And the third reason that I loved Annie was that the women flashed their underwear in the dance numbers A LOT. For a young boy in the pre-internet eighties, outside of the “16 going on 17” number from The Sound of Music, the dance numbers from Annie were as good as it got.
We live in the age of abundance, and that is a wonder. Abundant information, abundant ways to connect with others, abundant goods and services, abundant everything. Not long ago I decided that cutting pizza with a knife was for chumps and that I needed to buy a pizza cutter. This used to mean driving to the grocery or department store and buying the one they had in stock. In the age of abundance, we choose between essentially every pizza cutter in existence. I spent half an hour online reading reviews of pizza cutters to make sure that I got, not just a pizza cutter, but the best pizza cutter. For something that I will use maybe four times a year. I didn’t do this because I’m a huge pizza enthusiast. This is just what we do now. Not because it’s necessary but because it’s easy, so why not? And it is ridiculously easy. I literally have three separate pieces of technology in my home that allow me to speak into the air and receive the answer to almost any question that comes to mind (four if I turned this capability on on my Windows laptop). This kind of abundance would have been unfathomable a few decades ago even to the infinitely wealthy Oliver Warbucks. Today it’s available to virtually anyone. And in a lot of ways, that sucks. Let me tell you why.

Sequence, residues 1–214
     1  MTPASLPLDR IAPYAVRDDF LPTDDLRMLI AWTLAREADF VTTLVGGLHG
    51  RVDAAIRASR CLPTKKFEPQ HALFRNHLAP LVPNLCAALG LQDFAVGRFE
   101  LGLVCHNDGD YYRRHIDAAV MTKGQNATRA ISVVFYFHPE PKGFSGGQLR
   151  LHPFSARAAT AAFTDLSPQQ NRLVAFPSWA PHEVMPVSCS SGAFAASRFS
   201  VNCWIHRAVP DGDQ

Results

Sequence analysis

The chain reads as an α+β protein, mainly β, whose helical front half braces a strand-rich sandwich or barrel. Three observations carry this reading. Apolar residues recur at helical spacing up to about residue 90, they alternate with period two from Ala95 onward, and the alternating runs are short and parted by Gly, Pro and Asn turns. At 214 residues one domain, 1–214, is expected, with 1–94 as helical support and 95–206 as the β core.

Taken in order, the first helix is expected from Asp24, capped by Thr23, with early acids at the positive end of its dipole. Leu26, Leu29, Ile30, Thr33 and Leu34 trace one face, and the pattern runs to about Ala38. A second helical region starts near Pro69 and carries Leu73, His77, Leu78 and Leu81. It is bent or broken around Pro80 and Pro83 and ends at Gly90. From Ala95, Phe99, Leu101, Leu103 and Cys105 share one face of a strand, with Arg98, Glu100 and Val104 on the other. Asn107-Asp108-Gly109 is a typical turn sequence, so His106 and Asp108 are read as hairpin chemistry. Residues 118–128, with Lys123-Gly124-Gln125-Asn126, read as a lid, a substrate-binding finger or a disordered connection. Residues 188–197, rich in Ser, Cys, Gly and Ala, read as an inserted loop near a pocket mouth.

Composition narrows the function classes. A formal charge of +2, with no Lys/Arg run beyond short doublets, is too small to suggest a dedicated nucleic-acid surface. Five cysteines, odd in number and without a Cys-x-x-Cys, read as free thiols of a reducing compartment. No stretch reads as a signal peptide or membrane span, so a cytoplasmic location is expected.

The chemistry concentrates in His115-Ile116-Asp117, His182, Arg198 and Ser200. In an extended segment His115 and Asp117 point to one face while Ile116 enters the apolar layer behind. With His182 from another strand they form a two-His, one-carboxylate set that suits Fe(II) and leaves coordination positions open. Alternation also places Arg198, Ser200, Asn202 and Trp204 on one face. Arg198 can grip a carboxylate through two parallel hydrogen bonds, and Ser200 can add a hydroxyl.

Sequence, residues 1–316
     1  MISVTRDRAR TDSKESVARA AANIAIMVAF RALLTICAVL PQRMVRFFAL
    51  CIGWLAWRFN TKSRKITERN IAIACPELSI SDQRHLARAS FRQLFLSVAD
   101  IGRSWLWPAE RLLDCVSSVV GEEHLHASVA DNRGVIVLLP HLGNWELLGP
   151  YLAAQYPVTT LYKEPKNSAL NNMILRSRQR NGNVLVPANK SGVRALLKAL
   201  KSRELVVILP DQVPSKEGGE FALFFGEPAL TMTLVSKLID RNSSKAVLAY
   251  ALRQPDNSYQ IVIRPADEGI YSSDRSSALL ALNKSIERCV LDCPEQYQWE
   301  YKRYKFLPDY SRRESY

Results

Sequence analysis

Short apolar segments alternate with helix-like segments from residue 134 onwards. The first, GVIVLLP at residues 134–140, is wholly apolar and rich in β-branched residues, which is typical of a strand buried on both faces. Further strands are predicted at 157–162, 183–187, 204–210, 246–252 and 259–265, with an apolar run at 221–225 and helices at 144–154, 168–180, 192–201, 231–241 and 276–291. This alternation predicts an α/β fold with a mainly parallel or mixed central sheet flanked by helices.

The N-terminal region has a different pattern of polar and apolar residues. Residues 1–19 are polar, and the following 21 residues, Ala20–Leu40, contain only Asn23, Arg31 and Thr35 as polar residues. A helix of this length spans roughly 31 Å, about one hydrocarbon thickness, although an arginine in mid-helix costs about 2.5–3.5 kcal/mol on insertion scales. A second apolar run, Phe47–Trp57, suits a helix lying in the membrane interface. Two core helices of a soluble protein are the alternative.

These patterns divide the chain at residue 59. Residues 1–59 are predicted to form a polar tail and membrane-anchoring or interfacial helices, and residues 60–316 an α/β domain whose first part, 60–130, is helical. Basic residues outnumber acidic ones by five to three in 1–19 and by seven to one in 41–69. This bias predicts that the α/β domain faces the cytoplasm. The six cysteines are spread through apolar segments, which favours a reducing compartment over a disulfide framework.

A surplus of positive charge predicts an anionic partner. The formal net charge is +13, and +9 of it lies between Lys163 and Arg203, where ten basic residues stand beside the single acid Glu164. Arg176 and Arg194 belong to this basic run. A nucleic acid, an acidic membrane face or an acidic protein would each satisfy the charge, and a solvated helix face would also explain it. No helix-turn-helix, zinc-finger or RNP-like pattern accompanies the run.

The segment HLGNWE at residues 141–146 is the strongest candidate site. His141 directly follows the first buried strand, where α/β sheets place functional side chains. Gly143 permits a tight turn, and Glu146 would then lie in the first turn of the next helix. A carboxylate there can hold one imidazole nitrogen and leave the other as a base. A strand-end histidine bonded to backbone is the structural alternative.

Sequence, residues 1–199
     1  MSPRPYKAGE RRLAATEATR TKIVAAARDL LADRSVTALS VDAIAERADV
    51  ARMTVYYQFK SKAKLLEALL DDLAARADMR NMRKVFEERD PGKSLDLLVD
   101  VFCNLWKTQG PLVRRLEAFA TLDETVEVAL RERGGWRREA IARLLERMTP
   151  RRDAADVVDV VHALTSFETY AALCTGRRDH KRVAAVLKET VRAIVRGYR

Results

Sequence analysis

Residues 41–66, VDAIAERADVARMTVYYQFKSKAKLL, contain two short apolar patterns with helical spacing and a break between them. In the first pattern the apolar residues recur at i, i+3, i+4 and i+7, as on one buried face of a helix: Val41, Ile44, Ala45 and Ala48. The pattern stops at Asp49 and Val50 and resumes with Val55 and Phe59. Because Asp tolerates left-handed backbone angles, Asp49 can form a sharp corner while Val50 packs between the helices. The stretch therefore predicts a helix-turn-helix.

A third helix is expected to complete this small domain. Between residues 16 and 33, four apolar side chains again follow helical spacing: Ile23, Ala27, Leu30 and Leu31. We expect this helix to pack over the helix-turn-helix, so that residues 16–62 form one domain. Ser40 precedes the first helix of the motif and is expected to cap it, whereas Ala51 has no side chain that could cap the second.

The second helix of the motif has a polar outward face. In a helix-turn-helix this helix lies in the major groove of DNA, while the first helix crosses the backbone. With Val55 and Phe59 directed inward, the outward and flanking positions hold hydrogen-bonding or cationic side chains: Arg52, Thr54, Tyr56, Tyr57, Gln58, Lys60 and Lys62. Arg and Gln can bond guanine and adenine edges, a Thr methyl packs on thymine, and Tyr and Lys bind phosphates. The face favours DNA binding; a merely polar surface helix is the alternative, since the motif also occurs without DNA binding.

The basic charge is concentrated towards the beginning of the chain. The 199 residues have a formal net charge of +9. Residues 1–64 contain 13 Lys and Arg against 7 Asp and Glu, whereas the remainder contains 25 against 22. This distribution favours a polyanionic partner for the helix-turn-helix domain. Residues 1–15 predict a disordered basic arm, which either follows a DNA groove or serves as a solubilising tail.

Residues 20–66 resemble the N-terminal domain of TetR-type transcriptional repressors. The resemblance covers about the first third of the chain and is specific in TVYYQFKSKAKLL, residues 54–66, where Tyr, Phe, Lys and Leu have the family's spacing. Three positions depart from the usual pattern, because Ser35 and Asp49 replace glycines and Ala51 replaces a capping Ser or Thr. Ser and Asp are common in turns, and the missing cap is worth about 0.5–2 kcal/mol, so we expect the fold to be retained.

I’m a divorced 40 year old man, and I’ve started dating recently. Let me be clear: I’ve not started dating again, as you might infer. I’ve started dating for the first time. Raised, as I’ve said, in an insular religious community, dating was allowed only in groups and only as a way to find a perspective marriage mate. Absolutely no premarital sex and even kissing was only after you were close to being engaged. Unsurprisingly, those of us raised in this environment all got married very young. The criteria was essentially “Are you young, horny, and attractive? Me too! Let’s get married so we can have sex!” So, basically no real dating. I got married at 19, as was the norm, and had sex for the first time on my wedding night. For real.